Of the many class action-related decisions from the last year, two courts issued holdings that are particularly relevant to defending against class action lawsuits (particularly in the context of the Fair Credit Reporting Act (FCRA)).
Davis v. Universal Prot. Services, LLC, No. 20-CV-01758, United States District Court for the Eastern District of Pennsylvania:
In Davis, the plaintiff (and putative class) alleged that the defendant violated the FCRA by (1) procuring a criminal background check on her; (2) relying on the contents of the criminal background check; and (3) failing to provide her FCRA-compliant notice prior to determining that she was ineligible for employment. The plaintiff alleged that the defendant’s failure to provide FCRA-compliant notice caused her harm by preventing her from challenging and/or having a meaningful discussion about the contents of her criminal background check report.
The defendant challenged the plaintiff’s factual contentions and argued, in the alternative, that the plaintiff lacked Article III standing to pursue her claims under recent Supreme Court precedent, TransUnion, LLC v. Ramirez, 141 S. Ct. 2190 (2021). The Davis court applied TransUnion and agreed with the defendant’s standing argument. It held that, even if the defendant failed to provide FCRA-compliant notice to the plaintiff prior to determining that she was ineligible for employment, the plaintiff did not suffer a concrete harm because, in this case, she acknowledged the accuracy of her history of criminal convictions that were returned on her criminal background check report. Because of this, the Davis court reasoned, the defendant would have determined that the plaintiff was ineligible for employment even if the plaintiff had received FCRA-compliant notice—it held that the plaintiff’s alleged lack of opportunity to have a meaningful discussion about the contents of her background check report could not be proximately connected to any concrete harm, thus the plaintiff lacked Article III standing.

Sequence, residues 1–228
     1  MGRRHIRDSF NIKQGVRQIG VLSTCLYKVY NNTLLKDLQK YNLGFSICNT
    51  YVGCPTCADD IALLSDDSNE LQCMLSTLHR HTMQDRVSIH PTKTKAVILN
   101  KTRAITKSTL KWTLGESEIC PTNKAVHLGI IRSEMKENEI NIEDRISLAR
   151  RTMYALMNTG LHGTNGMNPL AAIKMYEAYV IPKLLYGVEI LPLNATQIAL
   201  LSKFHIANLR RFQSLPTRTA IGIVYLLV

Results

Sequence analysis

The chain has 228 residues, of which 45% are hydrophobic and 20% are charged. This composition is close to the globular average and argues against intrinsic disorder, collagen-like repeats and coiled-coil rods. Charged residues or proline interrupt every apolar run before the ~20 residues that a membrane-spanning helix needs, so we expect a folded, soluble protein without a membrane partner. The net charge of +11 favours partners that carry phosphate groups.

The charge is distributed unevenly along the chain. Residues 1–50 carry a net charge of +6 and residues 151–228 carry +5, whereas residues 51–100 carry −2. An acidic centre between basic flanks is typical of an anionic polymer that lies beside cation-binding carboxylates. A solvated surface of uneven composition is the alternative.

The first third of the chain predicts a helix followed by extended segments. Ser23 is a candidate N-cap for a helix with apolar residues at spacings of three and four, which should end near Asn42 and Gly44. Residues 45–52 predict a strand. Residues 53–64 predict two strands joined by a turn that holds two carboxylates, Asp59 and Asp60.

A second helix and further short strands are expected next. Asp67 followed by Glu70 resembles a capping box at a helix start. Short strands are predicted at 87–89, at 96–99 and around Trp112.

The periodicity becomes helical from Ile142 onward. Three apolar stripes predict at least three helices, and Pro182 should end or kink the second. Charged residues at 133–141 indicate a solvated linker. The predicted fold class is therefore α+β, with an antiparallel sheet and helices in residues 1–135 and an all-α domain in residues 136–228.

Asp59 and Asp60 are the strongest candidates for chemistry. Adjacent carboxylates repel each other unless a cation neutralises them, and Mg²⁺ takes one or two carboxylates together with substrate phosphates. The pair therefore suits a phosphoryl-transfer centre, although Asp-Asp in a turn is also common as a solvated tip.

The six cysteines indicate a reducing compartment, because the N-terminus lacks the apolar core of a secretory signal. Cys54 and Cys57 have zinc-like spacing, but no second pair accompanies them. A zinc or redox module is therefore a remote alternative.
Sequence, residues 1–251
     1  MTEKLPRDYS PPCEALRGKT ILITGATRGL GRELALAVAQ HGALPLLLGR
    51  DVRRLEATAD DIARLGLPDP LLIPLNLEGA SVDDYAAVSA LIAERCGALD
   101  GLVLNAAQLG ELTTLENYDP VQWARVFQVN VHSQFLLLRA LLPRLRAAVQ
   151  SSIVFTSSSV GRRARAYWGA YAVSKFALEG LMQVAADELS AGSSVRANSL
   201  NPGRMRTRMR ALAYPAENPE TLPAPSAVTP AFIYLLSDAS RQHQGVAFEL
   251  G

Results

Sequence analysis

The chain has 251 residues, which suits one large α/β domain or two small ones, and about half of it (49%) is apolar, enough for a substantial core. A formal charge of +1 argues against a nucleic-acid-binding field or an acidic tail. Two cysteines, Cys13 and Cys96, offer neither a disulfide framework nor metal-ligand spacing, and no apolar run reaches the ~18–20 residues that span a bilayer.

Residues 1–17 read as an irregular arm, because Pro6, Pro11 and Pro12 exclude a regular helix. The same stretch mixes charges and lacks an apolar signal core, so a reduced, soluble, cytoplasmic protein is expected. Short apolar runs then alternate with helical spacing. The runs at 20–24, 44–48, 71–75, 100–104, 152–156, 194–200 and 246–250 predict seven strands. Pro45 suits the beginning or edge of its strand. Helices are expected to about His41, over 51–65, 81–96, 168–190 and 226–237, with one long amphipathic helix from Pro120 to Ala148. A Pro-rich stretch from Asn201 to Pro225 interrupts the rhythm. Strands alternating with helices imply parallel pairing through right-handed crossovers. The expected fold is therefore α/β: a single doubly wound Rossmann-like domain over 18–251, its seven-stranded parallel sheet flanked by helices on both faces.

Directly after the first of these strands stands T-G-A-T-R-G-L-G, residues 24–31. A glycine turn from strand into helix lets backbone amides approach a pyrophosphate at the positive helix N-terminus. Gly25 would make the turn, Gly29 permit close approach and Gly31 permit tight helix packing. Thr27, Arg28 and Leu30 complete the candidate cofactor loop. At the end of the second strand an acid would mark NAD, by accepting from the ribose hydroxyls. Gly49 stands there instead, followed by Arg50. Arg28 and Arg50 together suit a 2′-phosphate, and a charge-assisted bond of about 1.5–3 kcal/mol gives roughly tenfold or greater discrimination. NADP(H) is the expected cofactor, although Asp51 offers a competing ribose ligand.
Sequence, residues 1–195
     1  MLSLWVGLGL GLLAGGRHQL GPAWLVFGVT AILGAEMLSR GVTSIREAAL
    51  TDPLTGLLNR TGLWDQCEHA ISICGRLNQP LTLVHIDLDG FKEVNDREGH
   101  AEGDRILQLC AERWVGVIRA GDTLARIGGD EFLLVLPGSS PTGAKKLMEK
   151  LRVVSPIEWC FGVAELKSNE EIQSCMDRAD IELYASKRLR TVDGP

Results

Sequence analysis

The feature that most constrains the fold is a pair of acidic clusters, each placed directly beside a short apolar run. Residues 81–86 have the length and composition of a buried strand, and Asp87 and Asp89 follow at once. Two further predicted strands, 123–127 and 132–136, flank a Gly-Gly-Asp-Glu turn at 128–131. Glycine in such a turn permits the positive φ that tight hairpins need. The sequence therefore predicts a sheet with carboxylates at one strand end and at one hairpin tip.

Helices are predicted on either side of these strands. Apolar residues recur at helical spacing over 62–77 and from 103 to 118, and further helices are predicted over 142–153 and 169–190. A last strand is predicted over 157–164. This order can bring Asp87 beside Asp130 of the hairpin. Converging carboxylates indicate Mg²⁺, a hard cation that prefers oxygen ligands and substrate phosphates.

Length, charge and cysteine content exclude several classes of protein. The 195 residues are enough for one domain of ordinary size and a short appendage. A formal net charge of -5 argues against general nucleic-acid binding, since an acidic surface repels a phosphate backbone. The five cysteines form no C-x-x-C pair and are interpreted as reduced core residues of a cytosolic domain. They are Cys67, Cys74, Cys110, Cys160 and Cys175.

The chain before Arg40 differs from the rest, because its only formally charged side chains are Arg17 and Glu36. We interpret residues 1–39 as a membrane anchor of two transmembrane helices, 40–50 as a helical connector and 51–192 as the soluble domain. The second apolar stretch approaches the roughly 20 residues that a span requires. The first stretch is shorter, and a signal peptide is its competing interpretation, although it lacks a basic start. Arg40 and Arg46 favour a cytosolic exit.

The Davis court’s interpretation of TransUnion has implications outside the FCRA context, as it enhances the “fairly traceable” component of Article III standing with a proximate causation requirement. The deadline to appeal the decision has passed.
Robert Stone v. U.S. Security Associates Inc., No. BC604257, Superior Court of California, County of Los Angeles:
In Stone, the plaintiffs alleged that the criminal background check disclosure form used by the defendant was not compliant with FCRA requirements. The procedural history of this case is complex (it had been pending for more than six years; it was removed, transferred, and remanded; multiple named plaintiffs were presented and either settled their individuals claims, were compelled to arbitration, or had their claims dismissed), but the case ultimately moved forward in California state court without a viable class representative. The defendant, in reliance on the Supreme Court’s decision in California Pub. Employees’ Ret. Sys. v. ANZ Sec., Inc., 137 S. Ct. 2042 (2017) (CalPERS), argued that the plaintiffs could no longer present a viable class representative because the defendant had replaced the disclosure form at issue in the lawsuit more than five years before, and thus the FCRA’s five-year statute of repose had necessarily expired on the claims of all members of the putative class. The defendant argued that the CalPERS decision bars a putative class member from being added as a class representative if an applicable statute of repose has expired on the putative class member’s claim (a distinct issue from whether a putative class member can remain a member of the putative class after the expiration of an applicable statute of repose).
The Stone court ultimately granted summary judgment in the defendant’s favor—it held that it was too late for class counsel to add a new class representative because, due to the limitations of the putative class in the case, the five-year statute of repose had expired on the claims of all members of the putative class. The court’s ruling is currently under appeal. But if the court’s decision stands, it would further reinforce the utility of, and compelling public policy behind, statutes of repose.